I am a 65 year old male who suffered a heart attack four years ago and had a triple by-pass operation. I recovered well and have reasonable heart function (EF about 50%). I have mild angina on exercise. I am taking all the normal CHD medication (aspirin, beta blockers, nitrates, ACE inhibitors); my blood pressure is low (110/65) as is my blood cholesterol.
Every few months I suffer a prolonged 'attack' lasting about a week which involves the following symptoms:-
i) generalised tightness and discomfort across the chest that intensifies on breathing deeply, (ii) episodes of burping (usually when standing and moving after lying down), (iii) periods of inability to burp, (iv) a constant raw feeling in the left chest, (v) aching pain in right and left arms, (vi) periods of indigestion not relieved by gaviscon, (vii) gurgling noises from stomach and abdomen after eating and drinking, (viii) periods when it is difficult to speak at normal volume, (ix) tingling in hands and feet. All of these symptoms are spasmodic except for the chest discomfort which is almost continuous. The symptoms are partially relieved by bedrest and typically disappear after about 7 days.
The attacks seem to be provoked by a period of intense activity combined with some anxiety or stress.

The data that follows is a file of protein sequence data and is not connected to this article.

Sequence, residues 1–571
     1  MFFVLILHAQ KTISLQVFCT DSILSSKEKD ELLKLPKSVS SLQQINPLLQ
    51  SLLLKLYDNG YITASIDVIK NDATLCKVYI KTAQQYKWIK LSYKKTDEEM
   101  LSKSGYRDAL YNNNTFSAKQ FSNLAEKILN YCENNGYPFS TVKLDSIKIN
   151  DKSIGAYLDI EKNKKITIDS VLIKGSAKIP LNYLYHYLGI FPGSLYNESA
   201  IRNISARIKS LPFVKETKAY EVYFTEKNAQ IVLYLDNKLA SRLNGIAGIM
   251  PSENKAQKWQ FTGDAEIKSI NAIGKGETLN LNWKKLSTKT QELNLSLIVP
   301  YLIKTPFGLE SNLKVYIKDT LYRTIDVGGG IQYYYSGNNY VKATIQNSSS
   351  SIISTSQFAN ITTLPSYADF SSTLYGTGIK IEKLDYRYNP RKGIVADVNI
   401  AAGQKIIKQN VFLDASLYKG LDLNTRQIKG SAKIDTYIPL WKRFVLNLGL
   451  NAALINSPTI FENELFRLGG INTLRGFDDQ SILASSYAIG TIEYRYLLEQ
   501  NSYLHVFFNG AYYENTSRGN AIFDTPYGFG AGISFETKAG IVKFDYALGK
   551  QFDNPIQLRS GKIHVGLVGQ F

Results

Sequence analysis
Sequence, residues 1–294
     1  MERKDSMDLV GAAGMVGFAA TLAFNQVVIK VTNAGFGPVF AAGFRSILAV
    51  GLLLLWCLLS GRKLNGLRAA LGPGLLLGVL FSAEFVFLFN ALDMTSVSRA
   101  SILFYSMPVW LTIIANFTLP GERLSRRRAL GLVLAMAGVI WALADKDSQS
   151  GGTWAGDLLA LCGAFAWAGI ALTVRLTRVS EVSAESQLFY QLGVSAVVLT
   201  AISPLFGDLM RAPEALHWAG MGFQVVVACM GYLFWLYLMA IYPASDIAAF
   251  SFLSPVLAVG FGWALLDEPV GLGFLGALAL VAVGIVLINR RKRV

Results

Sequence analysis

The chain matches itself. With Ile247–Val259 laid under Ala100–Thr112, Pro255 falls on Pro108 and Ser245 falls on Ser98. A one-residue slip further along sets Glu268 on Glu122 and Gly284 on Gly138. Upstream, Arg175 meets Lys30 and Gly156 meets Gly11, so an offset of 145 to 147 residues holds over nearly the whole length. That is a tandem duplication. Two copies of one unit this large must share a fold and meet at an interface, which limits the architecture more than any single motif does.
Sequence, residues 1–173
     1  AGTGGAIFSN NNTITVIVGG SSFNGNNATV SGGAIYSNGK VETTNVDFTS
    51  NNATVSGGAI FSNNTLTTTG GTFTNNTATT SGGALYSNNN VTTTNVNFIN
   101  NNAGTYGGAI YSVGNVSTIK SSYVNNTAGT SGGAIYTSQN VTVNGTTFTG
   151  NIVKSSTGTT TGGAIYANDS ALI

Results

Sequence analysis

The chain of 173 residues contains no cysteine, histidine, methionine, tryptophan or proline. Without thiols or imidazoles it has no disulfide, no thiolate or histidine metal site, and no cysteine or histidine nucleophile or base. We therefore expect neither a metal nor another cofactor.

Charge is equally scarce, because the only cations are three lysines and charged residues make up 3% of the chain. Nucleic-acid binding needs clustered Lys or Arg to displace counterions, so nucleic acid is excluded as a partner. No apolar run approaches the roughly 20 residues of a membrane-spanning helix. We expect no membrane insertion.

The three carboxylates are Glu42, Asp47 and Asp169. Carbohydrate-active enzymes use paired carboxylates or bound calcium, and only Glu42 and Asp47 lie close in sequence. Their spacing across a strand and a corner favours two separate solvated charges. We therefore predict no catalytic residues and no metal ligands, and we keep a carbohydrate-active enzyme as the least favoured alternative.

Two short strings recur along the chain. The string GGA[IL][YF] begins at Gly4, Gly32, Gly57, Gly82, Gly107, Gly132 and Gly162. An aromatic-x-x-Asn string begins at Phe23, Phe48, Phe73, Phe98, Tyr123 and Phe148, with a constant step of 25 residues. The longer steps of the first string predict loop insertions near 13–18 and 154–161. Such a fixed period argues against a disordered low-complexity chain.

My cardiologist is not sure whether they are cardiac in origin. He referred me to a gastroenterologist who did an upper GI endoscopy (when asymptomatic) and oesophageal manometry. This showed no abnormalities except for "moderate erythematous/exudative gastritis involving the antrum".
The symptoms resemble the features of my original heart attack and I am worried that I may be having a series of minor heart attacks. ECG and blood enzymes tests seem to rule this out (although they were also normal when I had my original MI, revealed only by an angiogram).
I would be very grateful for any advice you can offer as to possible aetiology and appropriate investigations.
I agree with the workup thus far. The upper endoscopy and manometry would exclude many of the possible upper GI symptoms.
You can consider imaging the abdomen with a CT scan or ultrasound to evaluate the liver or gallbladder.
If the heart continues to be of concern, a nuclear stress test or catheterization would more conclusively exclude cardiac disease.
These options can be discussed with your personal physician.
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